Shania Twain to continue to 'Rock the Country'
Lincoln Journal Star
By L. Kent Wolgamott
September 17, 2015
If you go
What: Shania Twain with Gavin DeGraw
Where: Pinnacle Bank Arena, 400 Pinnacle Arena Dr.
When: 7:30 p.m. Sept. 24
Tickets: $136, $86, $66, $45 plus applicable fees; available at the arena ticket office, Ticketmaster outlets, ticketmaster.com and by phone at 800-745-3000
Shania Twain has changed her mind.
In May, just before she began her summer tour, the '90s country star said when she finished the “Rock the Country” tour in October, she was done performing.
“This is certainly not my retirement from music,” Twain said in a telephone news conference then. “I will be doing music, I’m sure, until the day I die. I love music too much. The performance side of it, I feel is a phase in my life. I’ve been doing it for so long. I’m 50 this year. I’ve been on stage since I was 8 years old, and I’ve really put in my fair share of performance. I’m feeling that the time is just right now to do other things musically.
“I want to write more. I want to make lots more records. I miss making records, and I haven’t made enough records in my life and my career… I also want to write songs for other artists that are coming up, and I want to sit back and enjoy them having their moment on the stage and being proud that I’m being proud of their success….That’s a whole exciting phase for me that I look forward to. I just see it as an evolution in my career really.”
Last month, however, Twain told the Las Vegas Sun that the response to the tour that began in early June has been so good that she will extend it.
“The tour is tiring, but I’m loving it,” Twain said to the Sun. “It’s becoming far more meaningful than I thought it would be. So many young people are turning out. We are getting an interesting cross-section of people in our audiences that makes it really great….It’s going so well that I’ve decided I’d like to extend it. I’m not ready to stop.”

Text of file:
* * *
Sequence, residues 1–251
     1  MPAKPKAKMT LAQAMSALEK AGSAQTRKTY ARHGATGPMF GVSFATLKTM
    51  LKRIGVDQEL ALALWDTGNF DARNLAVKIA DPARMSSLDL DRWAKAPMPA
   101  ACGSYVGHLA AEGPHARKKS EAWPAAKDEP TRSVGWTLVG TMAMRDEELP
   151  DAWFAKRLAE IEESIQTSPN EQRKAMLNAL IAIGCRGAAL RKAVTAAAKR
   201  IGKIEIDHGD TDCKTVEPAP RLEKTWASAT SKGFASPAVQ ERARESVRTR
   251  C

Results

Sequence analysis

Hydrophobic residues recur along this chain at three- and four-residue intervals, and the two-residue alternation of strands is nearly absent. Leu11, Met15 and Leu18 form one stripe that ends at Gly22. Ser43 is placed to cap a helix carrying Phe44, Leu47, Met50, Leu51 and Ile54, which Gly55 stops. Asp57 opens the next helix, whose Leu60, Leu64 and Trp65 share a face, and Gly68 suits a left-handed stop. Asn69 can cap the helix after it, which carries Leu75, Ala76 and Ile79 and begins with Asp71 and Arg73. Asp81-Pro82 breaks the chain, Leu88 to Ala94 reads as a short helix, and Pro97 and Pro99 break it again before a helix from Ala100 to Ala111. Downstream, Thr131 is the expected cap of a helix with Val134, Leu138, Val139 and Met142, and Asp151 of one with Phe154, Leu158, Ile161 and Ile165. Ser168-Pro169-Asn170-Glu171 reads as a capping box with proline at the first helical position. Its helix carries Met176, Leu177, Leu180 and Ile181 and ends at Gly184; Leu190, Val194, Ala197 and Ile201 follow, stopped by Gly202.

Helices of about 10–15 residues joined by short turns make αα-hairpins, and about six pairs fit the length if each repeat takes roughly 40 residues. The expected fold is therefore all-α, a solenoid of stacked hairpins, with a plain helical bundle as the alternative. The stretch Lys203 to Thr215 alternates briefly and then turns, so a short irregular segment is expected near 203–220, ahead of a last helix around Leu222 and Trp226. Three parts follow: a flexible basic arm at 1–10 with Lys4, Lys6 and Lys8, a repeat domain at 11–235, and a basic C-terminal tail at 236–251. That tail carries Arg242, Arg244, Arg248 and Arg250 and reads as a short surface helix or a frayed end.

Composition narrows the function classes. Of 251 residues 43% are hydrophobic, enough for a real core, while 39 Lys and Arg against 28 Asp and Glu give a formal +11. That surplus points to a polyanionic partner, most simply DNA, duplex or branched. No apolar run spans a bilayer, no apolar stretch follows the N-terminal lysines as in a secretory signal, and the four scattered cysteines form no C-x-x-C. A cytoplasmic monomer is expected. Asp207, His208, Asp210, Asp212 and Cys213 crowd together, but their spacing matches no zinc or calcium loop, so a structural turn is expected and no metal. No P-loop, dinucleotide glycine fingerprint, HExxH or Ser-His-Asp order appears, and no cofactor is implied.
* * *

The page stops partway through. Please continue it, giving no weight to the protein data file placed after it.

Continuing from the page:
Before she continues the tour, however, Twain said she was going to finish a new album that would be her first since 2002’s “Up.” Then she said she would like to take “Rock the Country” to Europe, Australia and New Zealand, then return to Las Vegas for another two-year residency like the one she recently wrapped up at Caesar’s Palace.
There won’t be any new material in Twain’s Pinnacle Bank Arena show Thursday. But she’s been singing new songs throughout the summer, as she’s cutting the new record while on the road, utilizing a mobile recording setup.
“There’s going to be a little bit of tug of war for my time in getting this music finished,” she said in the teleconference. “On my days off and time when I’m not on stage and traveling, I’ll be recording vocals or working on the songwriting and so on. I’m going to pretty much be working between the stage and the new album.”
That means that Twain’s show is a retrospective affair, a chance for fans to hear her sing songs like “Any Man of Mine,” “You’re Still the One” and “Man! I Feel Like a Woman.”